COLOMBO (Reuters) - Sri Lankan President Mahinda Rajapaksa’s ruling party moved a motion in parliament on Thursday to impeach the chief justice for violating the constitution, signaling a deepening rift between the government and the judiciary.
Relations between Shirani Bandaranayake, Sri Lanka’s first woman chief justice, and the government have been deteriorating over recent months.
Her supporters say she has been trying to preserve the independence of the judiciary in a highly politicized environment, and as the government faces international pressure over its human rights record.
The government disagrees.
“Government members believe that the judiciary is overstepping its limits and (she) violated the constitution,” cabinet spokesman Keheliya Rambukwella told reporters.
He did not elaborate on the accusations against Bandaranayake.
“We handed over the impeachment motion with 117 signatures to the speaker,” Arundika Fernando, a member of Rajapaksa’s ruling United People’s Freedom Alliance (UPFA) told Reuters.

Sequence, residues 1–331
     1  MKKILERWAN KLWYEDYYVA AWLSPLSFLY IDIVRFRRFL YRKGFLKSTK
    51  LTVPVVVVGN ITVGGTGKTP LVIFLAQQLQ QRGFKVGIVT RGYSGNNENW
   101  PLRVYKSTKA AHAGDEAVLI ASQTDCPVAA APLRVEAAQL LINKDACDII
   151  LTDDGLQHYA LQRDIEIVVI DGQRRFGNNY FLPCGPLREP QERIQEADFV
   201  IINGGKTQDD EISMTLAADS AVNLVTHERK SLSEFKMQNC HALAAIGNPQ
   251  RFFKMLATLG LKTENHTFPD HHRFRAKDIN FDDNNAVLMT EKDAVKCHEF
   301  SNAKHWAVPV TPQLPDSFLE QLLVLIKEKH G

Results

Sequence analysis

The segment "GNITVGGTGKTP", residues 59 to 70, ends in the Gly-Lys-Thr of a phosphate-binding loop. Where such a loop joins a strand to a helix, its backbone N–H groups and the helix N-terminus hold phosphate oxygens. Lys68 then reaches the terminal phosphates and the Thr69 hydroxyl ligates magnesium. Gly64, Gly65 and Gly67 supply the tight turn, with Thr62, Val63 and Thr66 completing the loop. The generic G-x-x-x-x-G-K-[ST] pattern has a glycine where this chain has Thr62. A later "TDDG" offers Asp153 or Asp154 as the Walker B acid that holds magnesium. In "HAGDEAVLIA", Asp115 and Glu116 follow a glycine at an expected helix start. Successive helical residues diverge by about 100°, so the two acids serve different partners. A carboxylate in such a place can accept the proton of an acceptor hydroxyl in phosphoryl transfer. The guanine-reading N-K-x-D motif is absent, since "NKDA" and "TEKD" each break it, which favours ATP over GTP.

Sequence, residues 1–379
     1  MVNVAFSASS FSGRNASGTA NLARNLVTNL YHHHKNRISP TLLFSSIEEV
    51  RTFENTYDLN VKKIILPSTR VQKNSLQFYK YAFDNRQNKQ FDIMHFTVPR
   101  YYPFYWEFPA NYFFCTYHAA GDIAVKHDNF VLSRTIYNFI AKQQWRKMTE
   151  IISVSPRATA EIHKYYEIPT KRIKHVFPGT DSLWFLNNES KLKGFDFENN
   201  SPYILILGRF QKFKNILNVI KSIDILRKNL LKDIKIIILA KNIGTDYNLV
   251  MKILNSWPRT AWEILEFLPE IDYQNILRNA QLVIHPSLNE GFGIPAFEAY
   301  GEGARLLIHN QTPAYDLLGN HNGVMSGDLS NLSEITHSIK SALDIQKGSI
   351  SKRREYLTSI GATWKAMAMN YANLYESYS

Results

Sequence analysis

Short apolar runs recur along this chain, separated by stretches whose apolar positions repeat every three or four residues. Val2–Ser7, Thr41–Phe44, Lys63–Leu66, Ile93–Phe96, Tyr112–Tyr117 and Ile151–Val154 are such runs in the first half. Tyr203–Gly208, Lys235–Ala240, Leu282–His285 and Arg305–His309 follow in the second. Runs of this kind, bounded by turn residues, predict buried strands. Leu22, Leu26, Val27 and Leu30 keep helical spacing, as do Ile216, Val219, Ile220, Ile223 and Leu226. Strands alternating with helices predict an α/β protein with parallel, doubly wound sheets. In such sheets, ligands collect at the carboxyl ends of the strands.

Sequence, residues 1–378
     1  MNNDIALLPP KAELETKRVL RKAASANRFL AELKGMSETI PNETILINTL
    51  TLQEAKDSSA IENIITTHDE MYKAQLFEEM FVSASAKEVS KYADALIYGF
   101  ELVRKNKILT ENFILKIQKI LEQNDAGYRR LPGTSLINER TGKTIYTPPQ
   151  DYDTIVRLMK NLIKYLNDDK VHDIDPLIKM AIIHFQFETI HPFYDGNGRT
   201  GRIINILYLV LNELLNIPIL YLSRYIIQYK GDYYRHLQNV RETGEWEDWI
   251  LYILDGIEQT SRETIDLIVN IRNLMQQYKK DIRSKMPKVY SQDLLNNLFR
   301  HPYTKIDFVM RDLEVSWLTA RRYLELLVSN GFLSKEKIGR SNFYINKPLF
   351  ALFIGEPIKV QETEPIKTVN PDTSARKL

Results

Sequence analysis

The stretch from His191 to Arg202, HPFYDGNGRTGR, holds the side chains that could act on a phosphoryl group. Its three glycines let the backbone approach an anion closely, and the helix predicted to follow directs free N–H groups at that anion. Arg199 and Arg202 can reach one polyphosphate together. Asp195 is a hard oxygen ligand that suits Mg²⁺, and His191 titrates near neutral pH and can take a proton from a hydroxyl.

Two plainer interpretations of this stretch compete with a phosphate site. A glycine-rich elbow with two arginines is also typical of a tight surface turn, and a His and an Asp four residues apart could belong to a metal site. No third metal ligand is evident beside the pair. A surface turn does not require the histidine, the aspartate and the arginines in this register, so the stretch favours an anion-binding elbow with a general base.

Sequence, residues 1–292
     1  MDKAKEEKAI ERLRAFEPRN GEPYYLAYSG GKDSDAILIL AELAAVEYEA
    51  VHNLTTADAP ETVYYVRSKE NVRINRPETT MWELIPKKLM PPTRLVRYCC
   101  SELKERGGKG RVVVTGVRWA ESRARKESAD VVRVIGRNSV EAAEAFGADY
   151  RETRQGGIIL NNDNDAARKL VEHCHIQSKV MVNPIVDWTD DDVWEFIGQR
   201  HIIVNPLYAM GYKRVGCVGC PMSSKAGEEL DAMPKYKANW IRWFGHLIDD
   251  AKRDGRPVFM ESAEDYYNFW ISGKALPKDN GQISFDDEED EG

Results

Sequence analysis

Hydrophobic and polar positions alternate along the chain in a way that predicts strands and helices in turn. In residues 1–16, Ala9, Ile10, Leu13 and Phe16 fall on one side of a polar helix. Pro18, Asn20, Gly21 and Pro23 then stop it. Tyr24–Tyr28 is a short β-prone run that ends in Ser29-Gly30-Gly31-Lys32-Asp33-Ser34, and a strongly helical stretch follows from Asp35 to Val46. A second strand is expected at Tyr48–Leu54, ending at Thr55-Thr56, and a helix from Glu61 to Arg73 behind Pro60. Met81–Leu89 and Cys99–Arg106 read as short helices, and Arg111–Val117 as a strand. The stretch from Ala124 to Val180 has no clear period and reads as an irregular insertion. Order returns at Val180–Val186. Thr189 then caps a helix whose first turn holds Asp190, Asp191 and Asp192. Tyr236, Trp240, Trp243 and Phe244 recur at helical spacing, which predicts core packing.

Bandaranayake could be removed with 113 votes in the 225-seat parliament. Rajapaksa’s ruling coalition holds a more-than two-third majority in the assembly.
The president appointed Bandaranayake in May 2011 and her terms could last another 11 years.
She has come under criticism from the government after she ruled against a bill in parliament proposing a budget of 80 billion rupees ($614.20 million) for development.
She said the bill had to be approved by the country’s nine provincial councils, including the former war zone of the northern province, before being approved by parliament.
Bandaranayake’s removal could take several months and Rajapaksa will have to address parliament to give reasons for the impeachment.
Writing by Shihar Aneez; Editing by Robert Birsel